by Steve Haner
The first of several pending bills to slow Virginia’s rush to an expensive energy future based on unreliable electricity just failed in a Republican-controlled committee. There is every reason to expect the same fate for two other pending measures with similar goals.
In past years energy bills have gone to a subcommittee, usually for consideration in concert with similar bills on the same topic. House Bill 839, sponsored by Delegate Tony Wilt, R-Harrisonburg, appeared by itself Tuesday on the docket of the full House Commerce and Energy Committee.
Wilt told the committee he had campaigned on the issue, telling his voters he would do something about the predicted massive increases in electricity costs. So had others on the committee made those campaign promises. So had Governor Glenn Youngkin. Lieutenant Governor Winsome Earle-Sears specifically mentioned the looming threat of $800 electricity bill increases in her advertising, citing data from the independent State Corporation Commission.
That didn’t stop the committee from voting to carry the bill over to the 2023 session, and in the meantime send it to be studied by an inactive (and as constituted now, hostile) legislative panel called the Commission on Electric Utility Regulation.
That joint House and Senate body, according to its website, hasn’t even met since 2017 (final agenda here). It was reconstituted two years ago when Democrats took control of both chambers, with only Democrats seated on the Senate side. The House membership listed includes two Democratic delegates no longer in the House, so new House Speaker Todd Gilbert (R) can make that side majority-Republican when filling those vacancies.
The acronym for the group, CEUR, is pronounced by everybody as “sewer.” Not everybody on it is a major recipient of Dominion Energy campaign donations. Some have instead received equal or even larger amounts of money from the renewable energy industry groups. Since the utility and renewable industry interests align on building massive amounts of solar and wind projects, some take money from both.
The 2020 Virginia Clean Economy Act with its wind, solar and battery mandates and constraints on SCC oversight is incredibly complicated. Few understood it when it was adopted and many still don’t. A sudden move to repeal it wholesale probably raises the same issues as the earlier behind-the-scenes push to create it. A year spent really tearing it apart and considering revisions might be the best way to get back on a better track.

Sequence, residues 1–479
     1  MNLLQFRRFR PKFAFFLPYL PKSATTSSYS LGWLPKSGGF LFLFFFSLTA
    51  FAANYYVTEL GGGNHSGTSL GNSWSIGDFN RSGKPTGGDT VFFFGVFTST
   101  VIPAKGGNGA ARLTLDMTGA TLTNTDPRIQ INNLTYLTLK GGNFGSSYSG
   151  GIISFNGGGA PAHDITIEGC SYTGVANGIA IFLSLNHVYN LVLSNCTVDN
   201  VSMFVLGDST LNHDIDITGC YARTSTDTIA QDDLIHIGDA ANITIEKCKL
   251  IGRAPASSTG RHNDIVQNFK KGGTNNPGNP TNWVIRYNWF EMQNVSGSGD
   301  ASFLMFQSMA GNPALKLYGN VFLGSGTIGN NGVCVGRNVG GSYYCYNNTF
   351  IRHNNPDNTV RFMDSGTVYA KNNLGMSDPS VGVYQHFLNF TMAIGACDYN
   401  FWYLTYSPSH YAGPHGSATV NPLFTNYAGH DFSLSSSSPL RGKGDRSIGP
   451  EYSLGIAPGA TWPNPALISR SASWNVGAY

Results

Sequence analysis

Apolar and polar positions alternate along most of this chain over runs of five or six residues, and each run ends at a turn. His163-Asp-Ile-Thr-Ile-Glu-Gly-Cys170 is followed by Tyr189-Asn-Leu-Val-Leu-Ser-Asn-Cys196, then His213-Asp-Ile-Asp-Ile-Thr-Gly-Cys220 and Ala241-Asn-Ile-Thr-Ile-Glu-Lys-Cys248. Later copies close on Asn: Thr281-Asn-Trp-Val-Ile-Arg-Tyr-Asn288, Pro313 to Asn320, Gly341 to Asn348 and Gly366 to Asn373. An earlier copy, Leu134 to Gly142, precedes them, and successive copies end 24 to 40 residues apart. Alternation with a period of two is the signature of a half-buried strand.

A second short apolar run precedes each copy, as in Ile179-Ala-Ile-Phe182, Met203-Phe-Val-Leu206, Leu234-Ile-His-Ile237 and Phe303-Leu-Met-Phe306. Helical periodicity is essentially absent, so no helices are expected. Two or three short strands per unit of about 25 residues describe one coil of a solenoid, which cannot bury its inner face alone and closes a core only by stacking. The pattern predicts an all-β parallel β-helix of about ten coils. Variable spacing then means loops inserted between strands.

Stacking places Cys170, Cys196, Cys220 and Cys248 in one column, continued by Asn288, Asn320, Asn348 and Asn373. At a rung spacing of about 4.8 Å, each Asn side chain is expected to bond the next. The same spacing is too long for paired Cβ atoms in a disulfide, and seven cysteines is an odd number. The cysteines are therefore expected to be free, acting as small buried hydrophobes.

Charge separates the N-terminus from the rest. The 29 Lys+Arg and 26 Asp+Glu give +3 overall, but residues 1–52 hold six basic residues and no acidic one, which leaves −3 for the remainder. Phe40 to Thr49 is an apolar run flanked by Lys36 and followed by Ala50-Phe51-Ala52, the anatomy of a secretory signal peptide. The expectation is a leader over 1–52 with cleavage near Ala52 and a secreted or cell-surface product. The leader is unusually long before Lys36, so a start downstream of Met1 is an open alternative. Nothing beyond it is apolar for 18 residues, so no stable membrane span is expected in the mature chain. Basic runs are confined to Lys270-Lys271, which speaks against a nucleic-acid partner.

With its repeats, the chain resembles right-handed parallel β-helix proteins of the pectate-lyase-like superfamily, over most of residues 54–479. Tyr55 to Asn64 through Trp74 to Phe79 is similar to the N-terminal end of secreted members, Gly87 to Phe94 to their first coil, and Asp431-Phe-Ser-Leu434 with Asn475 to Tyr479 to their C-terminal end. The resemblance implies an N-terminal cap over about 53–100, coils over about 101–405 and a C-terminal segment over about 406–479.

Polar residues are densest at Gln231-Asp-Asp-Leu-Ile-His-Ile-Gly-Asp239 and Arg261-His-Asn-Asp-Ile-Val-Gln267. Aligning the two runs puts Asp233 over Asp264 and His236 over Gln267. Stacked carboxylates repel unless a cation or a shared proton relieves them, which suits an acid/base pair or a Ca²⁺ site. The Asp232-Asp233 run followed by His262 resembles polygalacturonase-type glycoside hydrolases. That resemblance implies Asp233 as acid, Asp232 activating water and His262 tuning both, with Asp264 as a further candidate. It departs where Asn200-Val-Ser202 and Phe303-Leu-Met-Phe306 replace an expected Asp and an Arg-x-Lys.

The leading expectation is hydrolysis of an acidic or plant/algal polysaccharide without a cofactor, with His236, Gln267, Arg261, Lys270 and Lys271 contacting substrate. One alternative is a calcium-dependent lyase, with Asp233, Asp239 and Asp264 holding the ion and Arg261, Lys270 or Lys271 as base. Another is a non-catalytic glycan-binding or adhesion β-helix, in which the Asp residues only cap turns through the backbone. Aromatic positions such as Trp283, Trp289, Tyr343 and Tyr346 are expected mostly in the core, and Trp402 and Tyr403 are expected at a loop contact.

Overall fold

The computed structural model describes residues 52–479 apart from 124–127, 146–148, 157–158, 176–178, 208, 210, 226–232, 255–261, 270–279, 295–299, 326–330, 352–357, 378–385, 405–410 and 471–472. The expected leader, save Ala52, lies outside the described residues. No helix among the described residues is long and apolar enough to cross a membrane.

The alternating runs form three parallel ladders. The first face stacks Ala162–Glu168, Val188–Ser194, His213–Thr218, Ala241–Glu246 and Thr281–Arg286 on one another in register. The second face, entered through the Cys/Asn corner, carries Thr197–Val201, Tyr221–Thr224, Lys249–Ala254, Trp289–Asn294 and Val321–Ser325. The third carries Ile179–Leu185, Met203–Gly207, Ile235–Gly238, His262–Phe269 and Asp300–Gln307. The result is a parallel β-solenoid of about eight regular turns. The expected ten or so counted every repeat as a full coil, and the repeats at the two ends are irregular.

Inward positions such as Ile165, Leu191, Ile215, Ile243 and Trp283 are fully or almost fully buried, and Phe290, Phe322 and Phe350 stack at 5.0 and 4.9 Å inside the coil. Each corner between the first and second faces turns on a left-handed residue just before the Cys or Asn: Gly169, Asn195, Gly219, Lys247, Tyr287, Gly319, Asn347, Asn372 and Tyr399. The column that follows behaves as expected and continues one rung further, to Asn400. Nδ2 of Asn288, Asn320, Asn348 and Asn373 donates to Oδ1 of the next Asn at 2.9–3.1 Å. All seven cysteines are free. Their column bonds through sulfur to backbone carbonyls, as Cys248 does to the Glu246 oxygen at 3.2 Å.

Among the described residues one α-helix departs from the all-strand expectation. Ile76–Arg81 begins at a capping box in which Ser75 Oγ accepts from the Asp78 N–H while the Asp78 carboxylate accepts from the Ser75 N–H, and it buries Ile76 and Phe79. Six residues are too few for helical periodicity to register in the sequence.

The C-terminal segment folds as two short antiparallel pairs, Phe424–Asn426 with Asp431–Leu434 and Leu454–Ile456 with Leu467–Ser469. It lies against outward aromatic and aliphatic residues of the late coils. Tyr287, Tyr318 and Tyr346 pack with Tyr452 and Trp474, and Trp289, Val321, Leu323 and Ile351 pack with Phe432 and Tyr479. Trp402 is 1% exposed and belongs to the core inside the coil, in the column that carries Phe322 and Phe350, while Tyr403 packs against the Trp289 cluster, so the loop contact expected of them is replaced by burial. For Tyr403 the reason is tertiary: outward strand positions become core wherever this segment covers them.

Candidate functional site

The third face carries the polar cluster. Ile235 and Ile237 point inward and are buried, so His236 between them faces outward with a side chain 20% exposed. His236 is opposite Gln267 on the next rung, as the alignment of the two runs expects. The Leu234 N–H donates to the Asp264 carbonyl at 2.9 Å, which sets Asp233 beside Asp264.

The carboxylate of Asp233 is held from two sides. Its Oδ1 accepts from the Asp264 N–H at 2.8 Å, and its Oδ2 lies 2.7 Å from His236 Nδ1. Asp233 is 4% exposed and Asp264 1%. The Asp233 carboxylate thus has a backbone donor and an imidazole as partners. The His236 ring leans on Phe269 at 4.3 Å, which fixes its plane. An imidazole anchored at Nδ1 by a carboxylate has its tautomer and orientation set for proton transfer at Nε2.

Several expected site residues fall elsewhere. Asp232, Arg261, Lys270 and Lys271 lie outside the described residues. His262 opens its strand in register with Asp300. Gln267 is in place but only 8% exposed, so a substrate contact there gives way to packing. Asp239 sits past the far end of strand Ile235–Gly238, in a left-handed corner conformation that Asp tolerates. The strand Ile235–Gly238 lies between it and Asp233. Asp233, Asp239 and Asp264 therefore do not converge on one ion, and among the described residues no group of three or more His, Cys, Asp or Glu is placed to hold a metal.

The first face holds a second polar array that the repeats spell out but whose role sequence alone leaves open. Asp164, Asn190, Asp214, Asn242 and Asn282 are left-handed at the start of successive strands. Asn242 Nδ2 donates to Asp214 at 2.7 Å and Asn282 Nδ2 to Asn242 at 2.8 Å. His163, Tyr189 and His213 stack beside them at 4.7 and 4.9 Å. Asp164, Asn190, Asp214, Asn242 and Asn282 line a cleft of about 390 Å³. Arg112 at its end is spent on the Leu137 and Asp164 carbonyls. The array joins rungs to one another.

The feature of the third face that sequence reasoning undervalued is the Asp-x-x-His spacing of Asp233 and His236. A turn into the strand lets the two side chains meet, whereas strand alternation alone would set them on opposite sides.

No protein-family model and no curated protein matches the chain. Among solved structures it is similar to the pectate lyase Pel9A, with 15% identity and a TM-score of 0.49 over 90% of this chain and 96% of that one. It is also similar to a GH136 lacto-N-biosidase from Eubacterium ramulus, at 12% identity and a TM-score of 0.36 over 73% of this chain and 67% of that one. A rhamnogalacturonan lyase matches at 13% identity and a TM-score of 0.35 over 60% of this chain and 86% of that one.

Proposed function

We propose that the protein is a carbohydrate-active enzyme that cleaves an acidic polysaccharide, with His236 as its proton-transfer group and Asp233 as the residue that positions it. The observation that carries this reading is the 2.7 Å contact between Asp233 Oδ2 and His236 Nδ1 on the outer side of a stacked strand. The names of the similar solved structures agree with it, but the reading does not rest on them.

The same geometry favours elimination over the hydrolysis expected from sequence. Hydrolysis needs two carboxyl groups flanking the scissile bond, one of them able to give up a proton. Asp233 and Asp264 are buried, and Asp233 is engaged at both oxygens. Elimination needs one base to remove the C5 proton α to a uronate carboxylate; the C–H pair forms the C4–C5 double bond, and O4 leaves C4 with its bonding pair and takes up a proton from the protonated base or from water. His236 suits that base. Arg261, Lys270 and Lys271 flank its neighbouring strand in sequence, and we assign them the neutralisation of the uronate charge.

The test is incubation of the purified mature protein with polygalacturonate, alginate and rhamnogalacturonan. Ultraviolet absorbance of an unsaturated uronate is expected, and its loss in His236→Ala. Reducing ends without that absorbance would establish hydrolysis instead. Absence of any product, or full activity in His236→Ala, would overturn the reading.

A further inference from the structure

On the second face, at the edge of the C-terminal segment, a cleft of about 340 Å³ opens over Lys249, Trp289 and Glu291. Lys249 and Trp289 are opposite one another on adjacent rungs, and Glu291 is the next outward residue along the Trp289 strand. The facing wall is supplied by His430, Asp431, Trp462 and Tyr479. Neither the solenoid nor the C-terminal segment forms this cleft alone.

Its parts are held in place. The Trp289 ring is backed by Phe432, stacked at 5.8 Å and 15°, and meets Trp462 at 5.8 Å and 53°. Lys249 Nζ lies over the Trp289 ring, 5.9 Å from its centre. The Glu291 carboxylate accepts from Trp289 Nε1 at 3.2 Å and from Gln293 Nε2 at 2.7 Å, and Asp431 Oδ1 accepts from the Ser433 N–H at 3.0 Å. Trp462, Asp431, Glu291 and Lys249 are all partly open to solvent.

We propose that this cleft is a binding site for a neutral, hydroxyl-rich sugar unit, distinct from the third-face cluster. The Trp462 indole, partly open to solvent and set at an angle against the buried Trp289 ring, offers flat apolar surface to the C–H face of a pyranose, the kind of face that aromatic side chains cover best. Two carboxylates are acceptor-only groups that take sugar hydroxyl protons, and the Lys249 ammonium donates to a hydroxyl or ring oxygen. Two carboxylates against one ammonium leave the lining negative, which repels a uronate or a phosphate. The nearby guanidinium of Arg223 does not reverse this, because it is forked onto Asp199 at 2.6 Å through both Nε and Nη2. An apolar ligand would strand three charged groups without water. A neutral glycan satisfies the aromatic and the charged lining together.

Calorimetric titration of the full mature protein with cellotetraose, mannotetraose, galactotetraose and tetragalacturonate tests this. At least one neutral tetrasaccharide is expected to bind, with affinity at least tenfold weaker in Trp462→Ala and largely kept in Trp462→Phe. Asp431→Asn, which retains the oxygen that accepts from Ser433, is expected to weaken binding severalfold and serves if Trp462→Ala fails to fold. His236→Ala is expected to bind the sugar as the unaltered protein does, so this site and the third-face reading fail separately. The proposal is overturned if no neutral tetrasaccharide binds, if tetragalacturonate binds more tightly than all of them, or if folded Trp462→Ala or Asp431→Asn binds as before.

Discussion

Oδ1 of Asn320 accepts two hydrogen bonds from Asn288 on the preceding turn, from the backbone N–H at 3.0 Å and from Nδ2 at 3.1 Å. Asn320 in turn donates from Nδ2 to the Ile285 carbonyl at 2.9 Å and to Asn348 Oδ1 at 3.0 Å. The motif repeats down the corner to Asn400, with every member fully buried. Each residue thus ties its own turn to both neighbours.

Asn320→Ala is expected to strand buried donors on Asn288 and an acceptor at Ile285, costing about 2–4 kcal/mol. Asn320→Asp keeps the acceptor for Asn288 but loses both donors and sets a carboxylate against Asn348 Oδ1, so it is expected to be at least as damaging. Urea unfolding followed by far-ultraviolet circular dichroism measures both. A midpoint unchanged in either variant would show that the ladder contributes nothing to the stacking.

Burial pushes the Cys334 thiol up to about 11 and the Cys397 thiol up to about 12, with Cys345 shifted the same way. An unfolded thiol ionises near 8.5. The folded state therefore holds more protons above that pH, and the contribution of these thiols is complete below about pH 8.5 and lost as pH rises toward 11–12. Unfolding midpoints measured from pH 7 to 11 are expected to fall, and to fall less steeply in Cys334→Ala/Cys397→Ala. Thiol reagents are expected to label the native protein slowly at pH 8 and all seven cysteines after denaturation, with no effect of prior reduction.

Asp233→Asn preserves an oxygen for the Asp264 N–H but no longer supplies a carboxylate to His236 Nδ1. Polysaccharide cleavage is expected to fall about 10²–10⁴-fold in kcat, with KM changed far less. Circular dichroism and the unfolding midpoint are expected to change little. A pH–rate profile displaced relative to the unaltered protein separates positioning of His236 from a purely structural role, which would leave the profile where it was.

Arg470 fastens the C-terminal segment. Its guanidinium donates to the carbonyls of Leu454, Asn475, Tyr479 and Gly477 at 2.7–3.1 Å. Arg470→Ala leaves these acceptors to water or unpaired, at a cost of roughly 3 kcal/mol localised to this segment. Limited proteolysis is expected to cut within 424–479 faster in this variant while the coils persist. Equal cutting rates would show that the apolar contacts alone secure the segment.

But that panel as constituted is a kangaroo court waiting for a victim. The review process needs to cast a far wider net and be led by Governor Youngkin’s new administration.
Wilt put up a spirited argument for his proposal, but the meeting didn’t allow outside speakers and Chairwoman Kathy Byron, R-Forest, even cut off a request to have somebody from the SCC discuss the issue. She assured Wilt and the public that the issue will get a full airing in the study group, and “won’t be lost in the wind.”
“Or the sun,” piped up the ever-helpful Delegate Terry Kilgore, R-Gate City. Kilgore was the committee member who started the rush to stop the bill. He is usually the first to speak up with Dominion’s talking points, and in the wake of what happened yesterday a new verb is called for: The bill was “Kilgored.”
Wilt’s bill was fairly simple, but effective. It gave the SCC the authority to pay for the coming wind and solar capital bonanza by charging the costs to base rates if that was the most reasonable outcome. Now the projects are covered by additive rate adjustment clauses on monthly bills. And it allowed the SCC to deny applications for major projects unless they were necessary and the lowest-cost option.
Nothing could be more threatening to the wind and solar industrial complex and the utility intending to enrich its stockholders for decades to come. This was a great bill. For once, when the lobbyists whispered the bill would kill the coming offshore wind project, they may have been correct, as nobody seriously claims it as a low-cost option.
Had the bill lived longer an amendment was planned to clarify it only applied to future project applications. The committee process never got that far.
Far more complex, a sledgehammer compared to this scalpel, is House Bill 118, sponsored by Delegate Nick Freitas, R-Culpeper. Line by line, section by section, it repeals the Virginia Clean Economy Act of 2020, which set up the mandates for wind and solar and a timetable to kill off all fossil fuel use. A large coalition has been building to promote that bill, not yet scheduled for hearing.
If it gets the same treatment as Wilt’s, there will be no hearing and no roll call vote on the merits.
The third bill splits the difference, repealing parts of the VCEA and restoring quite a bit of SCC authority. That is Ware’s House Bill 73. Getting into the details of the bills seems fruitless at this point, but read them if you are interested and if life remains in one or more, there will be reason to.
Did the 2021 election change anything? So far it doesn’t seem so.